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spacefire:<br />Do you think developing rocketry as a means for the human species to extend to the stars and thus escape certain extinction was worth the Holocaust?<br /><br />Me:<br />The idea of a space arc is the one that ought to be challenged. As presented and as I understand such a concept...it is designed to get people off earth to safety in the event of some impending planet smunching catastrophe. The practical aspects are rarely addressed and probably barely thought of at all at the time of the V-2. A time when it was still uncertain if humans could even survive long term space travel.<br /><br />As for 50 million dying. The impracticallity of getting people to the stars will result in decisions as to who should go which will in turn result in the number of deaths being far beyond 50 million. Those deaths will be the people who are left behind because there is simply not likely ever to be a way to remove billions from earth within the next millinia or so. <div class="Discussion_UserSignature"> <p><strong>My borrowed quote for the time being:</strong></p><p><em>There are three kinds of people in life. Those who make it happen, those who watch it happen...and those who do not know what happened.</em></p> </div>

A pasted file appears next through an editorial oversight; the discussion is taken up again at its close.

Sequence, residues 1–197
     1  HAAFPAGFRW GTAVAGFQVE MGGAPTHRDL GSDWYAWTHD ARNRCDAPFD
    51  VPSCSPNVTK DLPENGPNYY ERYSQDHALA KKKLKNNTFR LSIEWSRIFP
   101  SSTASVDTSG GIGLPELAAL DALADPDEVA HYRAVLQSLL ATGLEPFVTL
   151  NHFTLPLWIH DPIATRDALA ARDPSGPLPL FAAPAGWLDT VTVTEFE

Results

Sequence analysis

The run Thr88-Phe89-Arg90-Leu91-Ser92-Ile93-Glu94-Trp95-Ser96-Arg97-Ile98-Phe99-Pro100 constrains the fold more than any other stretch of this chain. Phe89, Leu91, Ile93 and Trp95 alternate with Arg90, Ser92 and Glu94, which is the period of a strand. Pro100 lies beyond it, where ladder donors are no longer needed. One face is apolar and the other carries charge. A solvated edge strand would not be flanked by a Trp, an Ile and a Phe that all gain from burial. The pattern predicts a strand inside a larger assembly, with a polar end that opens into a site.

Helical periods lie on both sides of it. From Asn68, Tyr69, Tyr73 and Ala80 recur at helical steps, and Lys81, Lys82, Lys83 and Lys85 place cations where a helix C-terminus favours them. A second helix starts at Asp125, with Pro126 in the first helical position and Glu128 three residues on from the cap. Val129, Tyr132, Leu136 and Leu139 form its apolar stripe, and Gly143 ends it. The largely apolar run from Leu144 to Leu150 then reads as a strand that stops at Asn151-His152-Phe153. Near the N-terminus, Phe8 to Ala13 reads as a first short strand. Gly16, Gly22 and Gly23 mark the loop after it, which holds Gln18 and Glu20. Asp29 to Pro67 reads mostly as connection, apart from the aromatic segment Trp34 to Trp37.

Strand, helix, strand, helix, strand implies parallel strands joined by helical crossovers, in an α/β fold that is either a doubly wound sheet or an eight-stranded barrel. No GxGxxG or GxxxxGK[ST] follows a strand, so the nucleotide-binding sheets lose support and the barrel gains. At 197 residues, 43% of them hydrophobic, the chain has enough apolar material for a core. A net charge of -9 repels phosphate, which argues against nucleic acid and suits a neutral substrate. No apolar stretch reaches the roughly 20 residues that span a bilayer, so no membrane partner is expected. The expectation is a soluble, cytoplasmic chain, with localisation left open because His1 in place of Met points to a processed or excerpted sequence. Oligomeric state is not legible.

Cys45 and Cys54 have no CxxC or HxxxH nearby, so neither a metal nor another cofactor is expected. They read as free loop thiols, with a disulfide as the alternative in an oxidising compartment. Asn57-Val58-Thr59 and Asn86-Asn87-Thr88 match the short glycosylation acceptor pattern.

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mattblack

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He would have been replaced with somebody less capable and probably, very ruthless. <div class="Discussion_UserSignature"> <p> </p><p>One Percent of Federal Funding For Space: America <strong><em><u>CAN</u></em></strong> Afford it!!  LEO is a <strong><em>Prison</em></strong> -- It's time for a <em><strong>JAILBREAK</strong></em>!!</p> </div>